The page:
Does your trust need a Tax ID or EIN Number? The long and short answer is “it depends”. However, if it turns out your trust does need an EIN, you should act quickly. Compliance with the IRS is important and having to play catch-up is never a fun time.
In order to determine if your trust needs a Tax ID (EIN) Number, you must first determine what type of trust you have. When a trust is created, it is established as a vehicle for transferring wealth and assets among multiple beneficiaries. When beneficiaries are legally part of a trust, your estate can avoid having to go through the public probate process after your death.
The two most common types of trusts are those that are revocable and those that are irrevocable. A revocable trust is also known as a living trust. If you have created a revocable trust, it allows you to change or terminate the trust at any time of your choosing. However, if you’ve created an irrevocable trust, you have permanently transferred assets into the trust and removed your rights of ownership. You cannot make changes or terminate an irrevocable trust without the permission of the beneficiary or unless rare circumstances apply.
Irrevocable trusts require an EIN. It is important to have this for tax return filings. Revocable trusts do not necessarily require an EIN as you can use the grantor’s social security number, yours if you created the trust if you wish. However, the IRS recommends that both revocable and irrevocably trusts have their own Tax ID (EIN) Number.
What Does the Tax ID (EIN) Number Do?
A Tax ID (EIN) number allows the IRS to identify a business or trust. If you created an irrevocable trust, you’ll want to apply for an EIN number as soon as possible. This will make it easy for you file taxes, manage the trust assets, and complete financial transactions.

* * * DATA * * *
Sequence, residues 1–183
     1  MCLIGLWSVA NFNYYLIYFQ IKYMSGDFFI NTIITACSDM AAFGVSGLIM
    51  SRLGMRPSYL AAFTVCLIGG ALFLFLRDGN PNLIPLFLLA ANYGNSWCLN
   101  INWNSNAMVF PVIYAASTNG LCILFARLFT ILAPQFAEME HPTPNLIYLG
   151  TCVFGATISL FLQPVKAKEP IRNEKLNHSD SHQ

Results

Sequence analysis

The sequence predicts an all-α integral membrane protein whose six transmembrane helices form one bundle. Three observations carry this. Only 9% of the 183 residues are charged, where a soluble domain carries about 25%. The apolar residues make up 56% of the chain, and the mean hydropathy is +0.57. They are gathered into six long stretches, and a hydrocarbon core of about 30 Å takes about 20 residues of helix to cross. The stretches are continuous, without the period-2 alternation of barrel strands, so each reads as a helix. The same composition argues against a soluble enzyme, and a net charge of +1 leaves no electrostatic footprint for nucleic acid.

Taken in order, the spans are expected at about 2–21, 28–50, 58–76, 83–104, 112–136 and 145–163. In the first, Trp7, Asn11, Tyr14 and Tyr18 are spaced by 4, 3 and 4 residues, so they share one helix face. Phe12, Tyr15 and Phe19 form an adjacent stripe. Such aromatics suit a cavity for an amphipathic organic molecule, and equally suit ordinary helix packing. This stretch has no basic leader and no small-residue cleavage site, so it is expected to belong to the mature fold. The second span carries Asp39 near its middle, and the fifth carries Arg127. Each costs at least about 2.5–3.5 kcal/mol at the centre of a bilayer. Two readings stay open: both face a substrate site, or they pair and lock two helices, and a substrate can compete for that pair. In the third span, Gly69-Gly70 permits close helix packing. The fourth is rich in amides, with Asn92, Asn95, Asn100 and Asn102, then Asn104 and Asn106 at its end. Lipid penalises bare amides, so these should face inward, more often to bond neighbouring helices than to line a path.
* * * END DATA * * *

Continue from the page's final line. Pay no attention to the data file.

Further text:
What Information Do You Need for the EIN Application?
First, you’ll need to name the responsibility party of the trust. This is the individual responsible for the execution of the trust’s guidance on beneficiaries and the distribution of the trust’s assets and wealth. The responsible party of the trust will be required to have a unique identifier of their own, such as a social security number. He/she will also need all important and pertinent information around the trust.
How Do You Go About Obtaining an EIN?
It’s possible to obtain a Tax ID (EIN) number through the IRS’s website or via fax or mail. If you apply via the IRS website, you should have the EIN number in roughly ten minutes. However, if you apply via fax, it can take about a week. Applying by mail typically takes the longest, but you should receive the EIN within a couple of weeks. Your estate planning attorney should be able to apply for the EIN for you, too. While it’s not a complicated procedure, it’s sometimes best to allow a seasoned professional to work for you.